[Bitcoin-development] Criminal complaints against "network disruption as a service" startups
voisine at gmail.com
Mon Mar 16 19:33:06 UTC 2015
Thanks Jan, we added several additional checks for non-standard protocol
responses, and also made the client revert to DNS seeding more quickly if
it runs into trouble, so it's now more robust against sybil/DOS attack. I
mentioned in the coindesk article that I didn't think what your nodes were
doing was intended to be malicious with respect to network disruption. It's
our job to better handle non-standard or even malicious behavior from
random p2p nodes.
co-founder and CEO
On Mon, Mar 16, 2015 at 1:44 AM, Jan Møller <jan.moller at gmail.com> wrote:
> What we were trying to achieve was determining the flow of funds between
> countries by figuring out which country a transaction originates from.
> To do that with a certain accuracy you need many nodes. We chose a class C
> IP range as we knew that bitcoin core and others only connect to one node
> in any class C IP range. We were not aware that breadwallet didn't follow
> this practice. Breadwallet risked getting tar-pitted, but that was not our
> intention and we are sorry about that.
> Our nodes DID respond with valid blocks and merkle-blocks and allowed
> everyone connecting to track the blockchain. We did however not relay
> transactions. The 'service' bit in the version message is not meant for
> telling whether or how the node relays transactions, it tells whether you
> can ask for block headers only or full blocks.
> Many implementations enforce non standard rules for handling transactions;
> some nodes ignore transactions with address reuse, some nodes happily
> forward double spends, and some nodes forward neither blocks not
> transactions. We did blocks but not transactions.
> In hindsight we should have done two things:
> 1. relay transactions
> 2. advertise address from 'foreign' nodes
> Both would have fixed the problems that breadwallet experienced. My
> understanding is that breadwallet now has the same 'class C' rule as
> bitcoind, which would also fix it.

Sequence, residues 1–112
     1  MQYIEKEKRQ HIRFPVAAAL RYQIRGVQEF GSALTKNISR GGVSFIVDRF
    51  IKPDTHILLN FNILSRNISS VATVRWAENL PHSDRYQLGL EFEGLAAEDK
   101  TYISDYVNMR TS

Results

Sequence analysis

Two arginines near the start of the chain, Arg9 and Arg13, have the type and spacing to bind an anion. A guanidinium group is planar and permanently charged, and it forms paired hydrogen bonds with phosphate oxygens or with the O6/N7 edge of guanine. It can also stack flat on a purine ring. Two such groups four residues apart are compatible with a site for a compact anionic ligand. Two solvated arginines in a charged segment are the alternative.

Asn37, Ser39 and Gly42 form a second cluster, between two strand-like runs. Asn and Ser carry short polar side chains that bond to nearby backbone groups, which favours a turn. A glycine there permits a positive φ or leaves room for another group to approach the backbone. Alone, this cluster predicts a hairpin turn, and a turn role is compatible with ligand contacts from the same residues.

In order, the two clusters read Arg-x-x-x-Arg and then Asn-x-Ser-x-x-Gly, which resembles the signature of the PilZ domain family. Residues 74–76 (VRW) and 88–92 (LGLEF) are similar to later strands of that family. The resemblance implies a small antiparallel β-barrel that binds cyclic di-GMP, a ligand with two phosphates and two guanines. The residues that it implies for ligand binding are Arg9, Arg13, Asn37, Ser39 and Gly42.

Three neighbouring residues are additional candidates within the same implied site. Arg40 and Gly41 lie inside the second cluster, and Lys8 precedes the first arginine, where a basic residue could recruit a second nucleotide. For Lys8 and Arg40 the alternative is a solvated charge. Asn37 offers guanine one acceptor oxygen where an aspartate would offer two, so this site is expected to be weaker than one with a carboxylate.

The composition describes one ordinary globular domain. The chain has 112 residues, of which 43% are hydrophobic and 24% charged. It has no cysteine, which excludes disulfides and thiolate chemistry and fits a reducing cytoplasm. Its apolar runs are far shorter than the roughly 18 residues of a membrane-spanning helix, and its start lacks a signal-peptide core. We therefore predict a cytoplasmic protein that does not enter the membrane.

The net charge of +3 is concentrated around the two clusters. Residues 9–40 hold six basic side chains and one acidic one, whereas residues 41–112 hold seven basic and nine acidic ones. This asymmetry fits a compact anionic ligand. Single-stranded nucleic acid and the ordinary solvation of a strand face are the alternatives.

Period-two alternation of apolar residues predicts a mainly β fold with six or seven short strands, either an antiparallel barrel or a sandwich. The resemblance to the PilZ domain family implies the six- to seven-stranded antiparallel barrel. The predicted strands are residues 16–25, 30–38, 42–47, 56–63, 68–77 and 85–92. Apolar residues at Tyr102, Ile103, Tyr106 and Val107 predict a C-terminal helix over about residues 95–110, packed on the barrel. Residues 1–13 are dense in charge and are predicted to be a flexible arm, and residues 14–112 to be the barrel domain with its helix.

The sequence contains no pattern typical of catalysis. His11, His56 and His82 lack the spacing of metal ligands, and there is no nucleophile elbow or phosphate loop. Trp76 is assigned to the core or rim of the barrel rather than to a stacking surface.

> Getting back on the topic of this thread and whether it is illegal, your
> guess is as good as mine. I don't think it is illegal to log incoming
> connections and make statistical analysis on it. That would more or less
> incriminate anyone who runs a web-server and looks into the access log.
> At lease one Bitcoin service has been collecting IP addresses for years
> and given them to anyone visiting their web-site (you know who) and I
> believe that this practise is very wrong. We have no intention of giving IP
> addresses away to anyone, but we believe that you are free to make
> statistics on connection logs when nodes connect to you.
> On a side note: When you make many connections to the network you see lots
> of strange nodes and suspicious patterns. You can be certain that we were
> not the only ones connected to many nodes.
> My takeaway from this: If nodes that do not relay transactions is a
> problem then there is stuff to fix.
> On Fri, Mar 13, 2015 at 10:48 PM, Mike Hearn <mike at plan99.net> wrote:
>> That would be rather new and tricky legal territory.
>> But even putting the legal issues to one side, there are definitional
>> For instance if the Chainalysis nodes started following the protocol
>> specs better and became just regular nodes that happen to keep logs, would
>> that still be a violation? If so, what about blockchain.info? It'd be
>> shooting ourselves in the foot to try and forbid block explorers given how
>> useful they are.
>> If someone non-maliciously runs some nodes with debug logging turned on,
>> and makes full system backups every night, and keeps those backups for
>> years, are they in violation of whatever pseudo-law is involved?
>> I think it's a bit early to think about these things right now. Michael
>> Grønager and Jan Møller have been Bitcoin hackers for a long time. I'd be
>> interested to know their thoughts on all of this.
>> Dive into the World of Parallel Programming The Go Parallel Website,
>> by Intel and developed in partnership with Slashdot Media, is your hub
>> for all
>> things parallel software development, from weekly thought leadership
>> blogs to
>> news, videos, case studies, tutorials and more. Take a look and join the
>> conversation now. http://goparallel.sourceforge.net/
>> Bitcoin-development mailing list
>> Bitcoin-development at lists.sourceforge.net
> Dive into the World of Parallel Programming The Go Parallel Website,
> by Intel and developed in partnership with Slashdot Media, is your hub for
> things parallel software development, from weekly thought leadership blogs
> news, videos, case studies, tutorials and more. Take a look and join the
> conversation now. http://goparallel.sourceforge.net/
> Bitcoin-development mailing list
> Bitcoin-development at lists.sourceforge.net
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